That’s a common question that consumers ask state and local consumer agencies. Here’s what you need to know to stand up for your rights effectively.
What kind of tenant am I?
First you need to know what kind of tenant you are! To a certain extent, your rights depend on whether you are a “tenant at will” – that is, without a lease – or you have a lease.
What is the dispute?
Chances are that your problem concerns the condition of the building, a failure to provide agreed upon services, an increase in your rent, or your right to stay in your home.
What’s the advantage of having a lease?
If you have a lease, that document will probably address your concerns. The lease lays out the responsibilities for you and the landlord. Before you sign it, carefully review all its terms and ask questions about anything you don’t understand. Take your time to make sure that everything that you and your landlord have agreed to is written into that lease. If you were told something but it’s not in the lease, it may be hard to prove later. Be sure to get a copy of the lease at the signing. A lease locks in the rent for a certain period of time, typically a year, and it also locks you in to pay it for the entire time. It may be possible to break a lease, however, under certain circumstances. With a lease, the landlord can’t evict you without good cause.
Some landlords give tenants written rental agreements that spell out the terms such as the amount of the monthly rent but that do not have an end date, meaning that the agreement can be changed at any time.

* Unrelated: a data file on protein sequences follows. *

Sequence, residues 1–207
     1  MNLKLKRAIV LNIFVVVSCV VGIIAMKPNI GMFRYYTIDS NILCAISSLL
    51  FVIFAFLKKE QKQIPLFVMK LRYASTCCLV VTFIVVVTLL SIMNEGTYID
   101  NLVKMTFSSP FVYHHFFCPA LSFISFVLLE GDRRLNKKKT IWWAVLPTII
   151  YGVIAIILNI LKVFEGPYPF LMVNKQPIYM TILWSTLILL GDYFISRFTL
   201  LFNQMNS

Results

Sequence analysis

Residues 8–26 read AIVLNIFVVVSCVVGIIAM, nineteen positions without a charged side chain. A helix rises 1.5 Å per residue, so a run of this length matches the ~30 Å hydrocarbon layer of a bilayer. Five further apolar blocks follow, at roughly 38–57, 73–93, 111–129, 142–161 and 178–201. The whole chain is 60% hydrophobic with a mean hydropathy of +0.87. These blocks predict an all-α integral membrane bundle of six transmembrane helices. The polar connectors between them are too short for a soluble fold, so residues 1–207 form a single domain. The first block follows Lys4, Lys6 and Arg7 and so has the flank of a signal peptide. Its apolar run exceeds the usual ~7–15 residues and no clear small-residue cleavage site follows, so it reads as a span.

How do I deal with a problem if it arises?
Try to keep communications with your landlord or the manager open, friendly and professional. Also keep proof of your rental payments.
Let the landlord or manager know right away about any problems. But before doing so, refresh your memory by looking at the lease or rental agreement, if there is one. Even without a written agreement, you probably have basic rights under state law – for instance, the right to expect that the landlord will maintain the property to meet health and building codes. You may also have the right to a certain amount of notice if the landlord wants you to move. Check with your state or local consumer agency about your rights so you will be on firm footing when you contact the landlord or manager about the problem.
Keep a copy of any letters or emails you write for your records. If you have a verbal conversation, write down the date, who you spoke to, and what it was about. Follow up any promises to resolve the issue with a note of thanks and keep a copy in case that promise is not fulfilled. It’s also a good idea to document visible problems such as leaks, bugs, broken windows, or mold by taking pictures.
Where should I turn if my personal efforts to solve the problem fail?
Ask your state or local consumer agency for help. It can direct you to other places you may need to contact, depending on the situation, such as your local board of health. And it may be able to approach the landlord on your behalf to try to resolve the problem.
If your rental is subsidized, federal law may come into play as well. Your state or local consumer office can refer you to the right federal agency.
Most landlord/tenant problems are resolved without any formal legal action. If you require legal assistance, however, some nonprofit legal aid services provide free help to low-income tenants who qualify financially.
This blog is one of a series of articles contributed by state and local consumer agencies in connection with the annual survey about consumer complaints conducted by Consumer Federation of America. The survey report provides “real life” examples of complaints and tips for consumers. Have a consumer problem or question? Find your state or local consumer agency at https://www.usa.gov/state-consumer.